Hopscotch on a Highway
Beachcombing Boy
Moribund Marina

It was short of being a ghost town, until we saw an abandoned structure. Then it really felt like an area after an exodus. FedEx, which had its Asia Pacific hub in the erstwhile military airstrip, had just moved its operations to cheaper China a few days before.

“Boarded up and broken down”
“Leaving behind the dusty dreams and broken glass”

For the most part, I didn’t know where the hustle and bustle had gone. Blame it on the economic crisis, perhaps. Or maybe it was just an unusually slow Sunday.

No matter, to me it was a refreshing respite: to have lost the crowds and just breathe no one else’s air. It was a Subic experience I finally liked.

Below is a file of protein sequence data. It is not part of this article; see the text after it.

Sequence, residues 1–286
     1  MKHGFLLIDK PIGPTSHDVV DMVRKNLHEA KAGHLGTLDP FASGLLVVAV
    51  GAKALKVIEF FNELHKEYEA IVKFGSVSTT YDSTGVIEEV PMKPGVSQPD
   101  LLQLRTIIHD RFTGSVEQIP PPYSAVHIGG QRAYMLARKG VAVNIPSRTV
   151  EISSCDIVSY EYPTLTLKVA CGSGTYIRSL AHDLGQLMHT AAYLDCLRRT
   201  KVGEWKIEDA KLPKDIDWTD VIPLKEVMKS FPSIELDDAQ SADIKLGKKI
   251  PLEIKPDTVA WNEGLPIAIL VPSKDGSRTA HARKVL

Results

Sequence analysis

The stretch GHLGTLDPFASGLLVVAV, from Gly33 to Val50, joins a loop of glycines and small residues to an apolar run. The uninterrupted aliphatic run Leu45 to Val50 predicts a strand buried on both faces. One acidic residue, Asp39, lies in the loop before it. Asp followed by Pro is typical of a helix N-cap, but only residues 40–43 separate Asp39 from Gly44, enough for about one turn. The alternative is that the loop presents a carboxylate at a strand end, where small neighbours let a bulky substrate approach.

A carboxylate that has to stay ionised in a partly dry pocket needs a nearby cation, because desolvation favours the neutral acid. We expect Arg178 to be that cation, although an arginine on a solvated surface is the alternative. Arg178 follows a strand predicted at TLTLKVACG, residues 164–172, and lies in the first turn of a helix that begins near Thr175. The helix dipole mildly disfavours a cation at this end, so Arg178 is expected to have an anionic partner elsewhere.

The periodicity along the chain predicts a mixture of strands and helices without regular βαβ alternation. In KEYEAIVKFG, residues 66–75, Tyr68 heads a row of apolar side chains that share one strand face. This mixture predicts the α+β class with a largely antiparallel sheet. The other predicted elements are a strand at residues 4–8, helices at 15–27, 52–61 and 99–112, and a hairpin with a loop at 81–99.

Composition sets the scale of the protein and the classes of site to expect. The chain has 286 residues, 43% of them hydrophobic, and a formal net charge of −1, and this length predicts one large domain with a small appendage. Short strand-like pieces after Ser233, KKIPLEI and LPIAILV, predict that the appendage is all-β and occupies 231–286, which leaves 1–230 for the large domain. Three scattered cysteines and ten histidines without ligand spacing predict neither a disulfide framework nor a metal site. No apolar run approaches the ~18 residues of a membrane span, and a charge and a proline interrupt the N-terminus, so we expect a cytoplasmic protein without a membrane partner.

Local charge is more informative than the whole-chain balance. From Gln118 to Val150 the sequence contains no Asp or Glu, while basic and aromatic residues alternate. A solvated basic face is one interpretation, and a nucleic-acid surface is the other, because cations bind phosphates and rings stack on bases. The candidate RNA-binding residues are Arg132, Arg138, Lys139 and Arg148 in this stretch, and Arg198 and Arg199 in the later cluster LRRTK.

Beachy Me
Bookworm at the Beach

46 thoughts on “Serendipitous Serenity

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  1. I like the “streetwalker” pose, hahahahahaha
    hmmmm….it resembles to the pic at Escondido , CA (San Diego)
    Subic version hihihihihihihi

    1. Hahaha! I didn’t quite get this when you posted it 2 years ago. Now I realize you were alluding to the prostitution sting in Escondido! You naughty you, Cindy. You deserve some spankin’! 😀

  2. The pic with a caption “A Lahar River Runs Through It” is beautiful. the scenery is captivating. it looks more of a painting! Its good to frame this AJ!

    1. It’s really the handiwork of God. All I needed to do was capture the scene with my handy digicam. Good idea to frame it.